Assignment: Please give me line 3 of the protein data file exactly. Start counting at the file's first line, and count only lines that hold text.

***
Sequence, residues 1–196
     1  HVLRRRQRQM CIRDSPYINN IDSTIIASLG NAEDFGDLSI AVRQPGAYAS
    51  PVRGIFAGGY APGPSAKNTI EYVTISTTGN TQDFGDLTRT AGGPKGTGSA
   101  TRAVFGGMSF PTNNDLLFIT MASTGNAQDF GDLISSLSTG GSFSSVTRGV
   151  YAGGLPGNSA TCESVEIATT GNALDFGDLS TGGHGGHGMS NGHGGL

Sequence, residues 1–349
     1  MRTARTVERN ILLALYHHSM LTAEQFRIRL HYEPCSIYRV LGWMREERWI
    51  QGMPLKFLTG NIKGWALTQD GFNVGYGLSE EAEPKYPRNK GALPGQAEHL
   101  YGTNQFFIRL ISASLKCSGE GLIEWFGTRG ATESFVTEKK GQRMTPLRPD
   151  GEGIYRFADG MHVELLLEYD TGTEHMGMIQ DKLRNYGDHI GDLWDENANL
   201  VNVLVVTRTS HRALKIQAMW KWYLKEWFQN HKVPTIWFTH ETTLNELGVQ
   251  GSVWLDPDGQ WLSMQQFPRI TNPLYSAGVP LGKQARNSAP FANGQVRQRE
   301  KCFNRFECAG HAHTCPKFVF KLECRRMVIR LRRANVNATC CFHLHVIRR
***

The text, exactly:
    51  PVRGIFAGGY APGPSAKNTI EYVTISTTGN TQDFGDLTRT AGGPKGTGSA